10 minutes seems too small to be a “real” goal, but sixty hours sure is an impressive amount of time. She goes on to explain that even if we read to our kids for 10 minutes every other day, that’s still 30 hours of read-aloud time. Sometimes it just takes someone to do the math to see how these small goals can make a big difference. Some of her additional insights include:
- How to create a book club culture at home
- What read aloud time will actually look like (and it’s not your children sitting quietly at your feet while you read).
- How to choose books for your kids
- How to ask questions that will create a bookish conversation with your kids
- Why audiobooks count as reading
After reading The Read-Aloud Family, I feel more motivated than ever to read to Babykins and Sweet Pea. Heck, I feel more motivated to read for my own personal pleasure! And now I have a book to back my belief that reading is more than just a skill, it’s a way of life.
In February, the girls and I took our first long road trip since the previous October (note: the definition of a long road trip is a drive that requires a bathroom stop). I already knew bathrooms were a challenge for Babykins. She’s still small enough that she’s uncomfortable sitting on a regular-sized toilet and the echos of most public bathrooms make her nervous. On this particular trip, I had already given up on getting her to pee on an actual toilet–the little travel potty in the back of the van would suffice for her. However, I still needed a real bathroom.
Since it was lunchtime, I found a McDonald’s for us to stop at. I strapped Sweet Pea into the stroller, helped Babykins out of the van, and cheerfully announced, “Okay, Mommy has to go potty before we order food!” We traipsed inside and found the bathroom.
In typical traveling-solo-with-littles fashion, my best laid plans went to pot immediately. The handicap stall, the stall big enough for the stroller to squeeze into, was out of order. Since I had already unloaded the girls out of the van, we were committed to this stop and I really needed to use the restroom. Thankfully, it was a small bathroom that only had one other stall. I parked the stroller in front of the stall door, firmly told Babykins not to move away from the stroller, and locked myself into the stall.
Sweet Pea started crying as soon as I stepped out of her sight. “It’s okay, Sweet Pea,” I crooned, “Momma’s right here!” Sweet Pea just cried harder. “Babykins, can you play patty-cake with Sweet Pea?” I called out.
“Otay!” her little voice replied, “Pat cake, pat cake. . .” Then disaster struck.
As I mentioned earlier, it was a small bathroom. When Babykins moved to the front of the stroller, she stepped directly under the hand dryer. The AUTOMATIC hand dryer. The dryer roared to life directly above Babykins’s head.
I rushed to finish my business as both girls started screaming. “Babykins, move away from the dryer!” I shouted. Then the automatic toilet flushed and both girls screamed louder. I burst out of the stall and Babykins attempted to scale my leg like a terrified cat while Sweet Pea thrashed in the stroller.
I can only imagine what horrors people outside of the bathroom thought were occuring as I tried to calm my hysterical girls down. After a few minutes, I managed to convince Babykins that I needed to wash my hands but I would dry them on my pants. I wouldn’t make the hand dryer turn on. She continued to tremble by my leg as I changed an equally perturbed Sweet Pea on the changing table. A quick text message asking a friend to use the bathroom at her house as our next potty break ensured that we would not have to endure another torturous public bathroom experience on this particular trip.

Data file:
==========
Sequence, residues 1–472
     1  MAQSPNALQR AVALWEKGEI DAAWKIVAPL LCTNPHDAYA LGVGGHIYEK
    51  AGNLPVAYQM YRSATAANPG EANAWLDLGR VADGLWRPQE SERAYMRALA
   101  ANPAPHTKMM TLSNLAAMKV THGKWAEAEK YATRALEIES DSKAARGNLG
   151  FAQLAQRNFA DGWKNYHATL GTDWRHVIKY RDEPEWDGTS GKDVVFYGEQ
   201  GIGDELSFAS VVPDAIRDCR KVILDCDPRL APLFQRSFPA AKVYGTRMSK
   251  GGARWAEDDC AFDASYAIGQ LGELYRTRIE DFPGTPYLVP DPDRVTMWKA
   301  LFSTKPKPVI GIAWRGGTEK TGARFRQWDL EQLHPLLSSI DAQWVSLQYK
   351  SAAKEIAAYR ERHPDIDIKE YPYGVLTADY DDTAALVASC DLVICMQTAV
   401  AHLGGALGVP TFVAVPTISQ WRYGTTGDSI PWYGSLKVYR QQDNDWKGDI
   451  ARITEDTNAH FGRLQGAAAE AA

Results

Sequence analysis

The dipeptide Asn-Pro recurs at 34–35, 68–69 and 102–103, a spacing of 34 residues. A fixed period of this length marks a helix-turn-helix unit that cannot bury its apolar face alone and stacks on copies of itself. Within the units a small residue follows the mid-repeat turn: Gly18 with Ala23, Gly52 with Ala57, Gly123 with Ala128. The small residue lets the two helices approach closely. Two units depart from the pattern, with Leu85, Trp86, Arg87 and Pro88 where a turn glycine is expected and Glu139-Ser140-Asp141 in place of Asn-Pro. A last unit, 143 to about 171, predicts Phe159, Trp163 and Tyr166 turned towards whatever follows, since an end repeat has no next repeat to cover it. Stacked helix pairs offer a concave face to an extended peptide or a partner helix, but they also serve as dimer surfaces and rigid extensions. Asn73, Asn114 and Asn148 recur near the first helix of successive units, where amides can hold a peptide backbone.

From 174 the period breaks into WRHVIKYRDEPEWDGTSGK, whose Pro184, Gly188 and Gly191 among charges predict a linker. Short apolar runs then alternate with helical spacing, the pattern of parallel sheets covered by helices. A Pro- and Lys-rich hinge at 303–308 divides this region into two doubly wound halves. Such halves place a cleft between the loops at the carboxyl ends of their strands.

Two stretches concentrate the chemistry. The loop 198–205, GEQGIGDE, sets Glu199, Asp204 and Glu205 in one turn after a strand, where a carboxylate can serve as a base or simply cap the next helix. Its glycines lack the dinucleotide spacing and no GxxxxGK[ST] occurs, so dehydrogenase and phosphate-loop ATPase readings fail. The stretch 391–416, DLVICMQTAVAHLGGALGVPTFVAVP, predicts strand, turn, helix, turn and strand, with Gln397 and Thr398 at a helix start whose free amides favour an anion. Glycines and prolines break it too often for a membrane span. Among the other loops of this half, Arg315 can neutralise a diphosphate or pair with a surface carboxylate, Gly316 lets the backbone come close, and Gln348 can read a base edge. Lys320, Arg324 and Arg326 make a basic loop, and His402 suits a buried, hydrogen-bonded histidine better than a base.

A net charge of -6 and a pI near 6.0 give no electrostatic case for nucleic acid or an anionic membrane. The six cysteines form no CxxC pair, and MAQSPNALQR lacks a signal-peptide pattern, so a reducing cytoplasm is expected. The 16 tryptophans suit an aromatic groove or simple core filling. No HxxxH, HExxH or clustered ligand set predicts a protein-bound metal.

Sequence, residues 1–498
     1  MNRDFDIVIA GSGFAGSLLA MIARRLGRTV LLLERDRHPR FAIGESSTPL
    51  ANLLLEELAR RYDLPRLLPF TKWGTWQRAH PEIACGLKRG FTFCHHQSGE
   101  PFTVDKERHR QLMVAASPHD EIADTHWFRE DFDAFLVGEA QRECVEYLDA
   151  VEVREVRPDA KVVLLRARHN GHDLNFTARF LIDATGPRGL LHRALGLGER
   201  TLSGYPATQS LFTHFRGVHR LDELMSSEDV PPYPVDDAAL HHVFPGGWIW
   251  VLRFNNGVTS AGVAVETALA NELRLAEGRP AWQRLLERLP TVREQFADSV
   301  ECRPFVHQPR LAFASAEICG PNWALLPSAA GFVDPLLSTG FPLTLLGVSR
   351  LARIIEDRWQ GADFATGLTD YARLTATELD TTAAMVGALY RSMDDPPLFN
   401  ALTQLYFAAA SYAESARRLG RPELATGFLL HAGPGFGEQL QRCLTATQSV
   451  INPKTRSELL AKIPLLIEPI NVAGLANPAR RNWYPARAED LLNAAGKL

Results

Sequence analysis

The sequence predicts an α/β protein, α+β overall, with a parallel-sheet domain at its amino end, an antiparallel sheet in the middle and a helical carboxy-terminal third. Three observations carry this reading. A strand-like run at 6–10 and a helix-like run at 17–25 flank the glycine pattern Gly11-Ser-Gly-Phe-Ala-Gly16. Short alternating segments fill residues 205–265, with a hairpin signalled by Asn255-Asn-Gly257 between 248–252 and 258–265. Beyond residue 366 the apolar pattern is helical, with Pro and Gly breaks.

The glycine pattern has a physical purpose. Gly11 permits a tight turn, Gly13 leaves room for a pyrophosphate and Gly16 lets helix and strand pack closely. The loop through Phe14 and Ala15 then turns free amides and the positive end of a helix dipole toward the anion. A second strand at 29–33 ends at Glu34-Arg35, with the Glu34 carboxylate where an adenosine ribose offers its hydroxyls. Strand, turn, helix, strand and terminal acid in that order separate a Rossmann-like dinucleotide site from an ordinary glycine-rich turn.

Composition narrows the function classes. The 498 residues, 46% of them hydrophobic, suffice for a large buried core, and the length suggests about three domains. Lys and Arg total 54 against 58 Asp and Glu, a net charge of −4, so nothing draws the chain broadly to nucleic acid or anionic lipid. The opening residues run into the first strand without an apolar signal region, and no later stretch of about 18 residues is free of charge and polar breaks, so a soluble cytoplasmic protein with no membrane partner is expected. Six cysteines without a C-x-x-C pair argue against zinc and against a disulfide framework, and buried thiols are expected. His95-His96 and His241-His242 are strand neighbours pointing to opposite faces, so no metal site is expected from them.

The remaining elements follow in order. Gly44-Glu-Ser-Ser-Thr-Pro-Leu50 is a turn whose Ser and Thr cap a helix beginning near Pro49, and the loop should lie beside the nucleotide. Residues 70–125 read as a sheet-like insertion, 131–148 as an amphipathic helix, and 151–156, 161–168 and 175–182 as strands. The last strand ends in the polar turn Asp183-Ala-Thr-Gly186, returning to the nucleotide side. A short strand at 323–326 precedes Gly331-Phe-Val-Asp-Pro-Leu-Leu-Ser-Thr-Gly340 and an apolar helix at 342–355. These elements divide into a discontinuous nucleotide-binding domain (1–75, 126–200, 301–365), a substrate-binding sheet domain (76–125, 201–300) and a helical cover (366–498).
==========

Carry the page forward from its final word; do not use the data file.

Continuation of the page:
Consequently, our road trips from now on will be limited to a) trips that my husband can come with us or b) places that have friends along the way so we can use their bathrooms.
A stormy afternoon yesterday gave us the perfect opportunity to make thunder cake. What is thunder cake? It’s the cake that a grandma and her granddaughter make as a storm rolls in in Patricia Polacco’s book Thunder Cake. The book tells a lovely story of a grandmother-granddaughter bond and what bravery actually is, a perfect read for Babykins since storms now make her nervous.
After the girls and I read Thunder Cake, I pulled out the ingredients for the cake and we set to work. The full recipe can be found at the back of the book, but I’ll share the “secret” ingredient now: Tomatoes (specifically, pureed tomatoes)!
I was skeptical about how a cake with tomatoes would taste. I like tomatoes well enough, but in a cake? Really? Oh my goodness, the cake is delicious (even despite the fact that I didn’t add and cream the ingredients one at a time. It’s hard trying new recipes when you have little helpers). My issue with homemade cake is that it’s usually dry but this cake was wonderfully moist. My husband said that the cake was birthday-cake worthy–high praise from a guy who would prefer an ice cream cake.
The only problem is that I fear I have set a precedence for making cake every time it storms. Although maybe that isn’t such a bad idea!
Growing up, my family of 5 sat together unless my dad or brother needed to usher. I figured that’s how church worked–unless you had extended family in church, you sat with your parents. Consequently, I always imagined that all my children would sit with me in the pew on Sunday mornings.
Well, you know what they say about the best laid plans. . .
I did solo wrangle Babykins and Sweet Pea for over a year. But as Sweet Pea gets older, she gets wigglier and louder. I often have to take her to the back of the church during the sermon. And while Babykins generally sits quietly in the pew, taking her to the back with Sweet Pea and me meant she started crawling on the floor and talking loudly.